Saying that this past academic year has been rough for marginalised groups is like saying that a wheelchair has wheels. Or that you shouldn’t touch guide dogs on duty. Or that autism manifests differently in women.
OK, that last one may not be fully integrated into societal knowledge just yet, but trust us on this one. Disability puns aside, this year has also been a year of great progress, both internationally with events such as the Disability March, online movements such as #CripTheVote, and more local, university-based movement. Not as a bragging point at all, but the work that has been done to start recognising disabled students across campus has had a recognisable impact, and we’ve had many students notice what we’ve done in the space of a year – the creation of DaNSoc and forthcoming nature of the Students with Disabilities Officers this year means that disability is finally at the forefront of university politics.
Unfortunately, it’s becoming more and more notable that words which once held meaning within marginalised communities are being picked up as buzzwords, sacrificing their meaning for a cool little soundbite. In particular, a word that was rife amongst our recent student elections – ‘accessible.’ If you haven’t guessed already, accessibility is kind of our jam, referring to how well events, locations, or media can be – surprise – accessed by people who have a disability or mental health condition.
It’s pretty important in our day to day lives – if something isn’t accessible, we can’t go to lectures, attend public events or even complete basic tasks.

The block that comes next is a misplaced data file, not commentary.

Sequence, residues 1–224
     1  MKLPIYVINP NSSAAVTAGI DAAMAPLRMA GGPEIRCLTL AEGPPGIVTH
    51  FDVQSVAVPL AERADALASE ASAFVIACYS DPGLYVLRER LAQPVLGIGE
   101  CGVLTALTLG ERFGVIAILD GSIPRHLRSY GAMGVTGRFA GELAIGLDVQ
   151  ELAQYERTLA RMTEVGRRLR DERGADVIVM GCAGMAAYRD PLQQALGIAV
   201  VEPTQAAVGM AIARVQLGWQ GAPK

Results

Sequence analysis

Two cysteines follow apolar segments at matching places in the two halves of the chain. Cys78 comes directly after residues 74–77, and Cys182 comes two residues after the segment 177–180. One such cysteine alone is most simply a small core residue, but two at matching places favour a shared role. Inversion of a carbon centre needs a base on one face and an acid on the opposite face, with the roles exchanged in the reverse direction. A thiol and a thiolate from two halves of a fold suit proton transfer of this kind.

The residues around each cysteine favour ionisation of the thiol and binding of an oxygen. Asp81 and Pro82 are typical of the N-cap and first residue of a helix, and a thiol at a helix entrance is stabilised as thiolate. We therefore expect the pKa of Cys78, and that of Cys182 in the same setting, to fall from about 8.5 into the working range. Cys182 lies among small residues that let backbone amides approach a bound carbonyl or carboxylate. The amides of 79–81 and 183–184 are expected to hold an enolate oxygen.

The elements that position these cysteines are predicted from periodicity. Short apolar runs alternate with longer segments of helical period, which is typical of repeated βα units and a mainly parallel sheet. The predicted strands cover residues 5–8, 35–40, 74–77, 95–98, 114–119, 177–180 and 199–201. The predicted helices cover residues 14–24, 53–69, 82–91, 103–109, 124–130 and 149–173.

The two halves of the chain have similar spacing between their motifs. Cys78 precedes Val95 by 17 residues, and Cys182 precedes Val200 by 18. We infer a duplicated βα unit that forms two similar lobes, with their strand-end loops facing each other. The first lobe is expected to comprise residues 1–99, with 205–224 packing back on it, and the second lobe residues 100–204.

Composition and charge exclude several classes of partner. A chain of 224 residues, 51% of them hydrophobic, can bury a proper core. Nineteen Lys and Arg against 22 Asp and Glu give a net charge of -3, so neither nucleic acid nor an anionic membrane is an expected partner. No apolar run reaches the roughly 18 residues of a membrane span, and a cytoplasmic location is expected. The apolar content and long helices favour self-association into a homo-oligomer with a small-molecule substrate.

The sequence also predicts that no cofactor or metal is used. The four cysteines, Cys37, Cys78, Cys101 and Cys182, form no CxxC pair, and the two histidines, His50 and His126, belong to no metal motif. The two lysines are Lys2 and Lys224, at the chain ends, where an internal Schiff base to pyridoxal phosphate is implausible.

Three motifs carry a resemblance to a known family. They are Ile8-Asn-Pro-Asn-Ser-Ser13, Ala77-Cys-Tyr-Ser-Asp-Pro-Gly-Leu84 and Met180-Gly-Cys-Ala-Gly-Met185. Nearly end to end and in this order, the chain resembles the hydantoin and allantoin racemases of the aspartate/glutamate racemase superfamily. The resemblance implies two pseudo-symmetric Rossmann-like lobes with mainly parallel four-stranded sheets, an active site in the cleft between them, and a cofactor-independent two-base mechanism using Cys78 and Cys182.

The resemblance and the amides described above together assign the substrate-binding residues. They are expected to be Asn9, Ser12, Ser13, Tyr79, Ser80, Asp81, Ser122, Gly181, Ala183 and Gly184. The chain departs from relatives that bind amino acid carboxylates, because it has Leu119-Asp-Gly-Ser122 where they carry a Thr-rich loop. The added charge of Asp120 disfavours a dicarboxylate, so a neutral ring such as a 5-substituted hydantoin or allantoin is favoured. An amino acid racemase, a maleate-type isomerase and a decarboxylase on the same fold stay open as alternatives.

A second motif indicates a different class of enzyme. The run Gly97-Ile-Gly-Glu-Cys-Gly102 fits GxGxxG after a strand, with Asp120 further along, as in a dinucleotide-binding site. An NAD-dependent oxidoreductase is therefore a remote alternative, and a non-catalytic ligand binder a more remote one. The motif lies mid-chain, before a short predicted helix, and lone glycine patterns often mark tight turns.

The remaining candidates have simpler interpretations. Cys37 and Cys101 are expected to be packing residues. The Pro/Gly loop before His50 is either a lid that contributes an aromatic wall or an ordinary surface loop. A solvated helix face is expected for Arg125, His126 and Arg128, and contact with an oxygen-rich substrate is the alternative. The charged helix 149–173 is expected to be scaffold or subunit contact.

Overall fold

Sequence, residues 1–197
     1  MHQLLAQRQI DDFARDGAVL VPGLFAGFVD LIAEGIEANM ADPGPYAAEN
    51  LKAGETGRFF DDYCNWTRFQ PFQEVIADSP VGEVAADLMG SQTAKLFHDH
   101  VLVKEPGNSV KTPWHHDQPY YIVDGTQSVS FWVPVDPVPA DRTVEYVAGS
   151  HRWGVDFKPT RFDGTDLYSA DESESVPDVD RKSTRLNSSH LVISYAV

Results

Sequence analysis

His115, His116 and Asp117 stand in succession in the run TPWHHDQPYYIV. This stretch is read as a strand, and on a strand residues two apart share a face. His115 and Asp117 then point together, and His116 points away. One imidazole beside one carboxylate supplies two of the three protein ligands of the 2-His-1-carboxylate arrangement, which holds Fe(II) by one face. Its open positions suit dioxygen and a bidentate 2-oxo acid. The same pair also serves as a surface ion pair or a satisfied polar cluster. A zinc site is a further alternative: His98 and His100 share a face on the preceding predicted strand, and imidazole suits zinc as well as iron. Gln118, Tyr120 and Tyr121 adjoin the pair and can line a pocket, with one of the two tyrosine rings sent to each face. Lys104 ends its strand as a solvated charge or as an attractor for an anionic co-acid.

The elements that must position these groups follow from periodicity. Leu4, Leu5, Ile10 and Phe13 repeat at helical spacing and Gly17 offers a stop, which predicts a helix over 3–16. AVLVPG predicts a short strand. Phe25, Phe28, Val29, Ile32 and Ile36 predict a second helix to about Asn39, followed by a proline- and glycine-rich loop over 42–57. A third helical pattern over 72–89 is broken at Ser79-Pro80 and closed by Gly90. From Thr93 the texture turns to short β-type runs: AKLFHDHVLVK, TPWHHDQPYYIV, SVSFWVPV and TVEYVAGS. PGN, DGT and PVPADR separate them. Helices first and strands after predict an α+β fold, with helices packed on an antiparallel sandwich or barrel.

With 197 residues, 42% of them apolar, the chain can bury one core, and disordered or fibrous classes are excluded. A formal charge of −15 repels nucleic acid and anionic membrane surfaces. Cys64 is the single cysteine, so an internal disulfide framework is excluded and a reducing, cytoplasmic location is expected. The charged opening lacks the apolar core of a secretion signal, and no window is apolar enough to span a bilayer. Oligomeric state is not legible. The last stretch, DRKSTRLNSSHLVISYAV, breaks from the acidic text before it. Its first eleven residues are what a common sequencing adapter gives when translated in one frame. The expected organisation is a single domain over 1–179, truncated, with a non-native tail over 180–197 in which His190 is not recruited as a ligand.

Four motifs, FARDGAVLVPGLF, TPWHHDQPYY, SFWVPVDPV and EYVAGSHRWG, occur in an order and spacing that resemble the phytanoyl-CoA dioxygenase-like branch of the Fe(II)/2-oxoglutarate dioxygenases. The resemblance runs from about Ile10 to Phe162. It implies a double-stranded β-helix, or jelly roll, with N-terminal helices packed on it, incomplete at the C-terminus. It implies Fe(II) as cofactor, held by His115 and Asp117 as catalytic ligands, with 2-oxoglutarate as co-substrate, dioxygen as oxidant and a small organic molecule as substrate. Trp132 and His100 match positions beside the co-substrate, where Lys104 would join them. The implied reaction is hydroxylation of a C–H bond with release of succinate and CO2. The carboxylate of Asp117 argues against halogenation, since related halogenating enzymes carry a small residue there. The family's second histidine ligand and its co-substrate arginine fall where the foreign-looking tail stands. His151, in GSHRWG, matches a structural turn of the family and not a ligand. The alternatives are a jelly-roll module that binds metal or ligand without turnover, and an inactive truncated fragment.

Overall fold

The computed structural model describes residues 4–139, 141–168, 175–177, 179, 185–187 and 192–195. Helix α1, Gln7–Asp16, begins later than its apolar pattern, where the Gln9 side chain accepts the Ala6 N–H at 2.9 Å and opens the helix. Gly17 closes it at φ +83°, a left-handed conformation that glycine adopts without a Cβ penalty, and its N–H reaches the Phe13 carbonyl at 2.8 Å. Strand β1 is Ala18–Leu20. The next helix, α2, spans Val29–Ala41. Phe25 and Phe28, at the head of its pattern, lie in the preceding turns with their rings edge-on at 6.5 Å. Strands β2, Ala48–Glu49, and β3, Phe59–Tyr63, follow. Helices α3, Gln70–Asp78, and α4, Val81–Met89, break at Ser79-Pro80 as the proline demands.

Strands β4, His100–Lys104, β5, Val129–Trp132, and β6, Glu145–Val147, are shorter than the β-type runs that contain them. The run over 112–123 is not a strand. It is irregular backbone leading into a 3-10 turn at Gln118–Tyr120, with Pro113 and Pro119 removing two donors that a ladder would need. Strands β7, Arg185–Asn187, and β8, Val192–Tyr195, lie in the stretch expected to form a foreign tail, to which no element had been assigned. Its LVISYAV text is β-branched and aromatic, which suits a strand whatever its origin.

“Unfortunately, it’s becoming more and more notable that words which once held meaning within marginalised communities are being picked up as buzzwords”
Not that it surprised us to see the term ‘accessibility’ used so flippantly when talking about things that aren’t even remotely about accessibility. You’ll note that throughout the elections, both of us were very, pedantic about the term, trying our hardest to ensure that a very important word wasn’t thrown about like it meant nothing. As both of us will be working as part of a new officer team next year as both current and incumbent Students with Disabilities Officers, it’s important to recognise that accessibility is meant to be there for those who need it.
The United Nations state that “accessibility is about giving equal access to everyone. Without being able to access the facilities and services found in the community, persons with disabilities will never be fully included.” And we cannot – will not – allow this to happen on our campus. We have made huge steps forward, and we intend to carry on reinforcing precisely what accessibility means throughout the next academic year. Making societies more ‘accessible’ does not simply mean increasing attendance, and the word isn’t a synonym for such a scenario. Its infuriating that when most able bodied people say they want to make an event ‘accessible to all’, they don’t even consider disabled students, making us feel that they couldn’t care less about us.
“We have made huge steps forward, and we intend to carry on reinforcing precisely what accessibility means throughout the next academic year”
So when you say you want to make something more ‘accessible’, you’d best mean it, and you’d best act on it. Organise events in places that have ramps, stair-lifts, and elevators. Ensure videos have subtitles, and that printed materials are available in Braille or larger fonts. Anything that can be recorded for later watching, do it. Consider having quiet spaces for people who may experience sensory overloads or panic attacks.
Most of these things don’t take much, but even going out of your way to get a sign language interpreter can ensure students with disabilities are always welcome. Putting even a handful of these in place makes a far more welcoming and truly accessible space.